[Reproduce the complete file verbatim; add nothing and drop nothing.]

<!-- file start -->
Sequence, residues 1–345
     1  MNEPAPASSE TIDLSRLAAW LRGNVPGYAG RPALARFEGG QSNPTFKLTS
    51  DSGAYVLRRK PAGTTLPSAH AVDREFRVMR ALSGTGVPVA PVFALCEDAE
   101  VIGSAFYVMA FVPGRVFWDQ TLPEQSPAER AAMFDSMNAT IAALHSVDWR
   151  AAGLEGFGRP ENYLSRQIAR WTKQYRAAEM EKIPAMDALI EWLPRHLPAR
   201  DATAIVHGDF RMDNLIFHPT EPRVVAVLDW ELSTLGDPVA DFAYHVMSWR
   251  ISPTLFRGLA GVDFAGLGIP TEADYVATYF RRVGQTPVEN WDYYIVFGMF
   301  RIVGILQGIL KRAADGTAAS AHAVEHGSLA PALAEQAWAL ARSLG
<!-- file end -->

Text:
Sequence, residues 1–345
     1  MNEPAPASSE TIDLSRLAAW LRGNVPGYAG RPALARFEGG QSNPTFKLTS
    51  DSGAYVLRRK PAGTTLPSAH AVDREFRVMR ALSGTGVPVA PVFALCEDAE
   101  VIGSAFYVMA FVPGRVFWDQ TLPEQSPAER AAMFDSMNAT IAALHSVDWR
   151  AAGLEGFGRP ENYLSRQIAR WTKQYRAAEM EKIPAMDALI EWLPRHLPAR
   201  DATAIVHGDF RMDNLIFHPT EPRVVAVLDW ELSTLGDPVA DFAYHVMSWR
   251  ISPTLFRGLA GVDFAGLGIP TEADYVATYF RRVGQTPVEN WDYYIVFGMF
   301  RIVGILQGIL KRAADGTAAS AHAVEHGSLA PALAEQAWAL ARSLG